Luther and Katharina, by Jody Hedlund is not exactly a book that tells a story that I remember. Jody Hedlund attempts to take a tale of Martin Luther’s wife of convenience and weave it in to a love story. In all the reading I have done surrounding Maratin Luther’s life, falling in love worthy of a flirty swoon was never something I could see for the monk turned reformer. In fact, due to the dangerous nature of his life and how consumed he was with his reformation tasks for God, I can imagine he would not have wanted to become too attached to anyone else.
In Luther and Katharina, we see Katharina escape from the cruel cloister and struggle to settle in to life outside the convent. If this had been the extent of this story, I would have had no complaints as the author’s writing style is quite good. My main problem is taking historical fact and changing it just to make the story more ‘romantic’ as if romantic is better than historical accuracy. If you can suspend your disbelief from the departure of Luther and Katharina’s characters, you will enjoy this book, because, as I say, it is well written. If you know the historical background and have done any study whatsoever into this period of time, you will probably find this book as hard to read as I have. For this purpose I am giving the book 3/5 stars for a ho-hum book that featured great writing without much solid facts to back it up.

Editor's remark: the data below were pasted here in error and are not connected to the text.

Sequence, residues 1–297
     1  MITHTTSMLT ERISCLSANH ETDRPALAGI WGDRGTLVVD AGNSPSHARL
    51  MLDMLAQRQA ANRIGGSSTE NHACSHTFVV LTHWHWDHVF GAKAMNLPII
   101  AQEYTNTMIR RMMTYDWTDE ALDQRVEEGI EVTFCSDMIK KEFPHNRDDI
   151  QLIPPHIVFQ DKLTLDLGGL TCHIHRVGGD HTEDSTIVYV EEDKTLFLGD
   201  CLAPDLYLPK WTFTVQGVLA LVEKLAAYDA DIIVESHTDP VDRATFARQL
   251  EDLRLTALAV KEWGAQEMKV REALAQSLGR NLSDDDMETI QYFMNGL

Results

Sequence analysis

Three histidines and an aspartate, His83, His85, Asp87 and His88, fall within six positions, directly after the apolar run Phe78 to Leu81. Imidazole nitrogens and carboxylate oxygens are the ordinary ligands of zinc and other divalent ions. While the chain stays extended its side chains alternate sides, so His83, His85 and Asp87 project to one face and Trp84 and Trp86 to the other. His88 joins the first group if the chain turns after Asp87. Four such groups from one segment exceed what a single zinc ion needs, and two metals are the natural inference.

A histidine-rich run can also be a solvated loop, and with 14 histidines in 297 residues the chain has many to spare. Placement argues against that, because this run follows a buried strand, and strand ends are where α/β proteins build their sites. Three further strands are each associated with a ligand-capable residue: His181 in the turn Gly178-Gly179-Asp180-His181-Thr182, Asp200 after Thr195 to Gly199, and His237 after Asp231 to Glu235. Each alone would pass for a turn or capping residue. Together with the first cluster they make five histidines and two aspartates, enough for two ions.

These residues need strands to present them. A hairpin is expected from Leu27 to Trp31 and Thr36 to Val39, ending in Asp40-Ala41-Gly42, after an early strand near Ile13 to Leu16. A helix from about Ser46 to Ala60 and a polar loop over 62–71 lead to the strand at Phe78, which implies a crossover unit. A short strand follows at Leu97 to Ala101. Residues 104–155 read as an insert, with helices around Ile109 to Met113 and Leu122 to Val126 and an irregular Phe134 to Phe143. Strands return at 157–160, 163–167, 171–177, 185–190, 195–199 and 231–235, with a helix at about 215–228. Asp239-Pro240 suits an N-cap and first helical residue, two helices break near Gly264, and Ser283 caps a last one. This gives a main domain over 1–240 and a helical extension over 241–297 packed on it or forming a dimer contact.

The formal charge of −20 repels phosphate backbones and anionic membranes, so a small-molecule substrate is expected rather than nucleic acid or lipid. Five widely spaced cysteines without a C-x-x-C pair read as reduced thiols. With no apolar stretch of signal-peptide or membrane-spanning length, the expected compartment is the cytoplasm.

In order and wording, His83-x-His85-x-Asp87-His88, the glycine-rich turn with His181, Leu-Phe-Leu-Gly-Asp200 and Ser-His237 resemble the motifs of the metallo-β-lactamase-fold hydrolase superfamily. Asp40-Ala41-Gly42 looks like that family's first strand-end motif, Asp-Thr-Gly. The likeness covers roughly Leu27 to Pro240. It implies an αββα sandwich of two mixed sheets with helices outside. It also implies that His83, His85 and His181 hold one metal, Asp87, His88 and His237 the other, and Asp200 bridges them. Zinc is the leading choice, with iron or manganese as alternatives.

I received this book for free from Blogging for Books in exchange for my honest review.